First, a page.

Perhaps you remember Emily Dickinson’s poem from English class in High School, “I never saw a moor.” If not, allow me to spark your memory. The poem, like nearly all of Dickinson’s work, is brief.
“I never saw a moor”
I never saw a moor,
I never saw the sea;
Yet know I how the heather looks,
and what a billow be.
I never spoke with God,
Nor visited in heaven;
Yet certain am I of the spot
As if the chart were given.
Like me, many of you are former English majors so I’m fairly confident you studied a couple of Dickinson’s poems at some point in your academic career. If so, you will remember that Ms. Dickinson is admired for poetic brevity, for packing a great deal of punch into as few words as possible.
We’re not here to study poetry, but I hope to give you a little food for thought that your English teacher never did.
Instead of studying the tightly packed words and images in the poem, I want you to notice something else:
Emily Dickinson tells us plainly that she never saw a moor–she was a famous recluse and stuck to her house for most all her life so we can believe her. Yet she says she “knows” how the heather looks. In an age with little photography, how could she know how it looked if she’d never seen it?
She knew because of writers who brought the moor to life for her. Perhaps she read the Brontes. Likewise, she’d never seen the sea, but could imagine a crashing wave. Perhaps she’d read Melville’s Moby Dick.
What landscape do you want your reader to see? It needn’t be dystopian or science fiction to warrant a wonderful description. The point here isn’t to pack your prose as tightly as a poem, but to write so that your reader can see
Whatever it is you are writing about.
Another poem comes to mind here; Frost’s “Stopping By Woods on a Snowy Evening.” Who can forget the woods that are “lovely, dark and deep?” My husband and I still recite this line when we drive through wooded valleys or darksome country roads, surrounded by silent forest. One line, three descriptive words, and they say so much.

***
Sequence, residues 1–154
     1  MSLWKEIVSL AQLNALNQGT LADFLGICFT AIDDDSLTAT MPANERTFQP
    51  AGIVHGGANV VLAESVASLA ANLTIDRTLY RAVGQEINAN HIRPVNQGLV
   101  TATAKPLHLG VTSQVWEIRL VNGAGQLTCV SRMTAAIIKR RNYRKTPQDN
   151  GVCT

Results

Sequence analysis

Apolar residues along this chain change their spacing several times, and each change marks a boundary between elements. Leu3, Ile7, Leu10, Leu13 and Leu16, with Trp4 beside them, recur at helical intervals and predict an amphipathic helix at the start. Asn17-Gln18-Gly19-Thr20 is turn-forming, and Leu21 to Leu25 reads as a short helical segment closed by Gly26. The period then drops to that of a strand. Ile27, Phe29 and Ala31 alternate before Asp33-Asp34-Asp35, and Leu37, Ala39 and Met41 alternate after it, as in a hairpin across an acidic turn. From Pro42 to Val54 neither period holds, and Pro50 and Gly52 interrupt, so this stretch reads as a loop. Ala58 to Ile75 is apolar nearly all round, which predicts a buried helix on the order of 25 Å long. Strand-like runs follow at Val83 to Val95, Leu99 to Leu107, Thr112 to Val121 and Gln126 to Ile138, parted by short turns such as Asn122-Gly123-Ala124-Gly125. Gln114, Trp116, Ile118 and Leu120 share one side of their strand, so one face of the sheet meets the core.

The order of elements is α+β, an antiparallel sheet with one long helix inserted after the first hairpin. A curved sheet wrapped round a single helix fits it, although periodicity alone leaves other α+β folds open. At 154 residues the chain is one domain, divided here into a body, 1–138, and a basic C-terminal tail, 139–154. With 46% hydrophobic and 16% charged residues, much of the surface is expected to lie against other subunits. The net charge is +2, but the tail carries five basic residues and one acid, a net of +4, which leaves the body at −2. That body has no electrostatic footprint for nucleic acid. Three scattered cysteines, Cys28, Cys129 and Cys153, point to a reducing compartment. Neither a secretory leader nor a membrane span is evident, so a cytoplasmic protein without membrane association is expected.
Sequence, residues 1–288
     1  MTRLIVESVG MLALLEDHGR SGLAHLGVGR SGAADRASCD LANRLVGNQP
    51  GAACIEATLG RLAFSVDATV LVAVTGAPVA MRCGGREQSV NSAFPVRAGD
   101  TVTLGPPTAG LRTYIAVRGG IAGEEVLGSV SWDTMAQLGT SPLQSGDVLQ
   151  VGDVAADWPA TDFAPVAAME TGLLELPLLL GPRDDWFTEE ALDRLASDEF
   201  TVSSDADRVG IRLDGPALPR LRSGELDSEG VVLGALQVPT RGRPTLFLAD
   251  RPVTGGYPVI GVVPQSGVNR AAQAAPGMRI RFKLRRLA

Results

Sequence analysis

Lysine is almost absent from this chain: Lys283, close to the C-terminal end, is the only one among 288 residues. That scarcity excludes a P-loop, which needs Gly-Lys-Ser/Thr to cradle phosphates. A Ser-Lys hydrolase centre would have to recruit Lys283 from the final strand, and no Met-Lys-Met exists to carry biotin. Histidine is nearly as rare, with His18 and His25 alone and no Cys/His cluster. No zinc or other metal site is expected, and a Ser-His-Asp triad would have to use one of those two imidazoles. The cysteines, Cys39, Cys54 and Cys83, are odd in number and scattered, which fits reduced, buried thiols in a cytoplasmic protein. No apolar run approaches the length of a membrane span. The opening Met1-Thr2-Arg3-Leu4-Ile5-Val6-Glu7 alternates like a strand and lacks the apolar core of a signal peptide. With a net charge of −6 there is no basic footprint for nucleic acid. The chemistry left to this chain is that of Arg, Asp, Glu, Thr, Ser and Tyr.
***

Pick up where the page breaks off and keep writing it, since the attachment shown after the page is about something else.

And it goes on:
So okay, maybe I will encourage you to be stringent with your words! Get poetic, which means, choose words wisely. Don’t waste them, and don’t misuse them. Be like Dickinson and Frost (Frost could write copious poetry, by the way); Bring your nouns, your persons, places, things or ideas, to life for the reader so well that they can “see” them.
We are, of course, an image driven society today. Yet, though it may be true that an image is worth a thousand words, it remains that a thousand words should bring forth many images.
With winter upon us, I leave you with yet one more poetic landscape; one so well written it has been made into song: Christina Rossetti’s “A Christmas Carol.” (Which you probably know better by the first line..)
In the bleak mid-winter
Frosty wind made moan,
Earth stood hard as iron,
Water like a stone;
~Snow had fallen, snow on snow,
Snow on snow,
In the bleak mid-winter,
Not everyone finds inspiration for writing in poetry, but if you’re like me, you can.
Get out a book of your favorite poems or poet and take a look at the words with the eyes of a writer.
Can you use a poetic device in your prose? Describe a common phenomena differently, like Rossetti’s ice storm (“water like a stone”)? Or, take a hint on how to set atmosphere for a scene the way Rossetti does here, using a few well-chosen words (“bleak,” “frosty” “moan,” “hard” and “stone”).
Lyrical words aren’t only for so-called “literary” writers. Find a way to embed the judicious use of
poetic description into a piece of prose you’re working on and see if it brings your scene to life.
While you’re at it, have fun, but resist the temptation to overdo it. Poetry relies upon just the right word for just the right image, and our prose should also.
How about you? Do you use poetic imagery in your writing? If not, have you ever thought about purposefully trying your hand at it?